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A worker inspects the Express2 Stent delivery systems at Boston Scientific, a worldwide developer, manufacturer and marketer of medical devices whose products are used in a broad range of interventional medical specialties.

Glen Stubbe, Star Tribune

TROUBLING PATTERN

University of Minnesota Law School Prof. Ralph Hall analyzed FDA data between 2006 and 2010. The highlights of his findings underscore the medical device industry's regulatory concerns. Highlights of Hall's analysis for the four-year period include:

•Fewer approvals.

•A 59 percent increase in average time to a decision for devices going through the 510(k) process.

•A doubling of 510(k) disapprovals.

•A 37 percent increase in first-cycle requests for additional information.

•A 9 to 10 percent FDA reviewer turnover per year.

Red tape still stalls medical devices

  • May 28, 2011 - 9:07 PM

President Obama made a high-profile pledge earlier this year to cut through business-stifling regulatory red tape.

A disturbing Northwestern University survey released this week -- one focusing on the medical device industry -- was a reminder of the difficult work still ahead if the Obama administration intends to deliver on this important promise.

Minnesota's economic health may well depend on presidential follow-through. Medical device manufacturing is part of the state's economic backbone, employing about 27,000 Minnesotans.

This clean, well-paying industry needs to stay here and grow here. The main challenge is not the state's winter weather nor its taxes.

Instead, it's the device industry's justified frustrations with the uncertain, unpredictable and nontransparent oversight by its federal regulator -- the U.S. Food and Drug Administration (FDA).

Those concerns, which the industry claims are scaring off investors and driving jobs out of the United States, were freshly detailed in findings released Tuesday by Northwestern and the Institute for Health Technology Studies (InHealth), a nonprofit with industry ties.

While there's always going to be tension between industry and regulators, the Northwestern findings add to the growing number of reports suggesting that the relationship is truly dysfunctional.

This survey's overwhelming message is that companies feel strongly that the FDA doesn't always tell them what they need to do to get market clearance. And, that the FDA changes the rules or the goalposts midprocess -- and does so with little explanation. Respondents also reported a high turnover of FDA staff.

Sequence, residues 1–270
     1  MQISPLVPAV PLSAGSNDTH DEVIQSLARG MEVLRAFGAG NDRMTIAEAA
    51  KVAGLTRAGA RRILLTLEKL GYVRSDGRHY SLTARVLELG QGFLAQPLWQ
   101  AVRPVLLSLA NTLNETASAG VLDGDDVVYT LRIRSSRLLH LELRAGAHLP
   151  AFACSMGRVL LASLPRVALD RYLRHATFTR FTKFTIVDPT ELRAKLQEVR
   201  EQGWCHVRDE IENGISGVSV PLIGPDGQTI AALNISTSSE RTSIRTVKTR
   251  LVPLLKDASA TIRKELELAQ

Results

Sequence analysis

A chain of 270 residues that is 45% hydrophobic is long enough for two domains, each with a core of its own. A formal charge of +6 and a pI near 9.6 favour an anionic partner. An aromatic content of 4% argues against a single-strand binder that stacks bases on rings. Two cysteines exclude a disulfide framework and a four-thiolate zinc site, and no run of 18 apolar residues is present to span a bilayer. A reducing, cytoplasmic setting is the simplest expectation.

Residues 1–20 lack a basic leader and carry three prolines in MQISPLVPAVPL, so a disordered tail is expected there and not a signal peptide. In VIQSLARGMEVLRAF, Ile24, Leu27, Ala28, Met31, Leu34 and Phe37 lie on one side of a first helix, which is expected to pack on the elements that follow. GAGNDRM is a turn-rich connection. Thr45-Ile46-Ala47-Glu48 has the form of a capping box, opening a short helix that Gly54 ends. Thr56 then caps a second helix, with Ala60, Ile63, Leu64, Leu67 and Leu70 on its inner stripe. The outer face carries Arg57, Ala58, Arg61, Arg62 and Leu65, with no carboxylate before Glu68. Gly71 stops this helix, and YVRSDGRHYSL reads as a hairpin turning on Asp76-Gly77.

As a result, two-thirds of the small companies (the industry's innovation engines) surveyed are seeking initial clearance for new products in Europe because the process there is widely considered more predictable.

That's a problem for American patients, because they won't get first crack at potentially life-saving new devices. And it's an economic problem, because key jobs will naturally follow where the products go on the market first.

A PricewaterhouseCoopers report this year concluded that the "innovation ecosystem" of research and development jobs is already moving offshore.

The Northwestern survey is considered one of the most comprehensive assessments to date of the 510(k) regulatory process. That process is designed for medical devices similar to products already in use.

Right now, the FDA is weighing historic 510(k) changes, in part because of a small but highly publicized number of medical device recalls. A landmark report this summer from the independent Institute of Medicine will play an influential role in the changes.

The survey findings are a reminder of the difficult balance the FDA must strike in the months ahead. Safety is paramount. But the agency also needs to ensure that any changes will actually improve safety -- not just add to bureaucratic hurdles.

The FDA must also avoid stifling innovation.

The agency announced a major initiative earlier this year addressing the concerns highlighted by the survey.

Last week, Dr. Jeffrey Shuren, director of its Center for Devices and Radiological Health, was clearly frustrated that the agency was again criticized for problems it has acknowledged. Shuren also made a valid point that devices are becoming more complex, and that this is complicating the clearance process.

The FDA, however, has yet to detail many of the improvements it will make. This survey adds urgency to industry concerns and suggests, according to well-known Stanford University professor and device entrepreneur Dr. Josh Makower, that "nothing yet has really improved and the situation remains dire.''

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